School of Built Environment & Development Studies

Ms Sihawukelwe Luthuli and her sister Mpumelelo graduate with their postgraduate degrees from UKZN.
Ms Sihawukelwe Luthuli and her sister Mpumelelo graduate with their postgraduate degrees from UKZN.
Ms Sihawukelwe Luthuli and her sister Mpumelelo graduate with their postgraduate degrees from UKZN.
Ms Sihawukelwe Luthuli and her sister Mpumelelo graduate with their postgraduate degrees from UKZN.

It was double celebration for sisters Sihawukelwe and Mpumelelo Luthuli who graduated with their postgraduate degrees at the University of KwaZulu-Natal. Sihawukelwe was awarded her Masters in Development Studies while Mpumelelo achieved her Bachelor of Science honours in geography and environmental management.

Sihawukelwe said she was extremely excited to graduate alongside her sister.  ‘We have surely made our parents proud since everything we do is for them.’

Mpumelelo is confident they have developed intellectually. ‘We have the ability to plan and implement a project, pay specific attention to detail, possess good writing skills and have the ability to meet deadlines and work independently. Those are important qualities for the workplace.’

In her study Sihawukelwe looked at the role of stokvel groups in the poverty reduction process in rural communities. ‘Stokvel groups are a widely known social phenomenon more especially in the black African community. The stokvels are a self-help initiative designed to respond to the problems of poverty and income insecurity in poor communities. As a result, they are deemed a form of informal social security,’ she said.

Sihawukelwe found that stokvels have both economic and social functions. The economic function relates to the use of stokvels to promote income security amongst poor communities while the social function speaks to social capital, which often results in the strong formulation of friendships, partnership and social networks, seen as human capital.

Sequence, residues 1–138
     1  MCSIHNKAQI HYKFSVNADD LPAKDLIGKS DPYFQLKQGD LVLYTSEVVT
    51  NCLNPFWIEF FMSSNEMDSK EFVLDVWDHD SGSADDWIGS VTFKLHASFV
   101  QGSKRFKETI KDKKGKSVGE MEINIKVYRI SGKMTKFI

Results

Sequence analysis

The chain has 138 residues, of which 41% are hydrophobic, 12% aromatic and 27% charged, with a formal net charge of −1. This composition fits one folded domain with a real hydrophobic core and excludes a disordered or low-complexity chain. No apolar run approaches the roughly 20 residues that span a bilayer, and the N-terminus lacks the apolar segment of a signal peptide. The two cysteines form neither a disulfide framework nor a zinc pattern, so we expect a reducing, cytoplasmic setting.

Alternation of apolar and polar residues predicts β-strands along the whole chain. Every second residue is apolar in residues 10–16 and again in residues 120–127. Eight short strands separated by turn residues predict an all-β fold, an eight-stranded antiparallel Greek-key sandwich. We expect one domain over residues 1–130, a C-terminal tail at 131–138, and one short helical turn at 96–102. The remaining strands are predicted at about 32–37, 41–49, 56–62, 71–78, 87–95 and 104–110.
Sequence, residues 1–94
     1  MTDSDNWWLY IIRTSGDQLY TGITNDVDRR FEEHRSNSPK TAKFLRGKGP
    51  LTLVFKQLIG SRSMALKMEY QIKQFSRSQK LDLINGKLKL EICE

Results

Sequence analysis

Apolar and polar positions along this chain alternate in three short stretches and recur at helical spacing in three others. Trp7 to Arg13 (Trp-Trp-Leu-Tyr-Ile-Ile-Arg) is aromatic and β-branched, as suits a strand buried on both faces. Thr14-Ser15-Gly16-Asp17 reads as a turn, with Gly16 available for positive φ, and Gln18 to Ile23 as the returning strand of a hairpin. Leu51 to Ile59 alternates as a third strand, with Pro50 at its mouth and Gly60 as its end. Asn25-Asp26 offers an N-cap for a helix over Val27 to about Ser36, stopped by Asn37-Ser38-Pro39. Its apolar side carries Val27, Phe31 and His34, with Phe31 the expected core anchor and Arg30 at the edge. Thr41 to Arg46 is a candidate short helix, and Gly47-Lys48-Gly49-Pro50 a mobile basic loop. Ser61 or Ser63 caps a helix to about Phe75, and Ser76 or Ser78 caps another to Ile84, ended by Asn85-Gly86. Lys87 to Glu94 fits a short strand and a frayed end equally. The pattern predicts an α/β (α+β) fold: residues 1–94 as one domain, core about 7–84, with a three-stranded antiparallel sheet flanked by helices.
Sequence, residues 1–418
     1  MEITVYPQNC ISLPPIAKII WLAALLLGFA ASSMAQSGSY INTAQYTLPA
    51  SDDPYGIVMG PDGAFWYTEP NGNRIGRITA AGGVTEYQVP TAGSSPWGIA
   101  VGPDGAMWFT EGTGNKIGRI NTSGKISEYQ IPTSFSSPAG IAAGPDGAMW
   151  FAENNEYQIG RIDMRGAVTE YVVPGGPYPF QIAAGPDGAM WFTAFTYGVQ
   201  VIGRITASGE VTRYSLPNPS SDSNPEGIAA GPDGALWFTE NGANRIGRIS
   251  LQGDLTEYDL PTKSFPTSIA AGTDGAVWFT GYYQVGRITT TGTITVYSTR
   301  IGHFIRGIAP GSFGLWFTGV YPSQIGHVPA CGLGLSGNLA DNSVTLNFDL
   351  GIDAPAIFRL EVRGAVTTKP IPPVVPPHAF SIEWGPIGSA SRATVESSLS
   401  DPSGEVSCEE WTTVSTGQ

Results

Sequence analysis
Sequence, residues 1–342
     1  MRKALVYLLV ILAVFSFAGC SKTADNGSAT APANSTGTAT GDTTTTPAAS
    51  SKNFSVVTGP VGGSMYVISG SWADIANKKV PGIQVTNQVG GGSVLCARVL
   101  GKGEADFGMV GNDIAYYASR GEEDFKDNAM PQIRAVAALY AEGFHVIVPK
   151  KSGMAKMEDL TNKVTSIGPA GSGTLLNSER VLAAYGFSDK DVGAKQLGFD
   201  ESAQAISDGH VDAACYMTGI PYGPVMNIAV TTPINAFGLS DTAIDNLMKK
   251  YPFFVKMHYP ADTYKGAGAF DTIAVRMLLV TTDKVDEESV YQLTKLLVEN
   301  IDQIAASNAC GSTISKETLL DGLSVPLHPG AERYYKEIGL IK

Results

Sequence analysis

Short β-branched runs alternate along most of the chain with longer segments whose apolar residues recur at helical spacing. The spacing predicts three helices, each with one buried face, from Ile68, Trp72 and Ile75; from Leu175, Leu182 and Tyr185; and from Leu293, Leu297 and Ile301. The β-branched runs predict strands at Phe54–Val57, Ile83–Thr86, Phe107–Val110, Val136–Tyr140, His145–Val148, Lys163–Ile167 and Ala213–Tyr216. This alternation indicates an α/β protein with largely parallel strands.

‘The presence of strong positive social networks helps to address problems of poverty and inequality from the community level to broader levels. This means that through social relationships formed amongst members of the community there is social reciprocity wherein members help each other to rise above the poverty line.’

Sihawukelwe hopes her research will benefit society by educating them that stokvel groups should not only be centred on the exchange of money but also focus on the important relationships and networks that are formed with other members. ‘I want to encourage youth participation in stokvels as it was found that in rural communities stokvel groups are dominated by the elders.’

On the other hand, Mpumelelo’s research set out to establish the factors that affect household food security in eVuma in Eshowe, in northern KwaZulu-Natal.  She documented current coping strategies employed during prevalence of food insecurity and recommended alternative coping strategies.

‘Food insecurity remains a persistent challenge prevalent at household level in most rural parts of the country despite numerous mediation initiatives. There is a dire need for establishing area-specific factors that affect household food security to inform various development structures. Establishing the above factors was relevant and timely as there are increasing debates around the likelihood of rural households being able to meet their food security,’ she explained.

Her study findings indicate that high food prices, drought and the lack of agricultural inputs are the major factors affecting household food security at eVuma. ‘To cope with food deficits, households employ different coping strategies such as reducing meal size, taking loans and purchasing less preferred foods.’

Both sisters struggled financially to complete their degrees but are thrilled to be UKZN graduates and are hopeful for the future. They also expressed gratitude to their family, friends and supervisors.

‘My older sister Nomkhosi, a UKZN lecturer motivated Mpumelelo and I to study further. It is through her resilience over the years that we both believed we could attain our postgraduate qualifications,’ said Sihawukelwe.

Mpumelelo’s advice to fellow researchers: ‘Time lost can never be regained. Procrastination is definitely the thief of time. Do not delay in doing things but rather work in advance to meet the set deadlines.’

Both Sihawukelwe and Mpumelelo plan to pursue their studies further.

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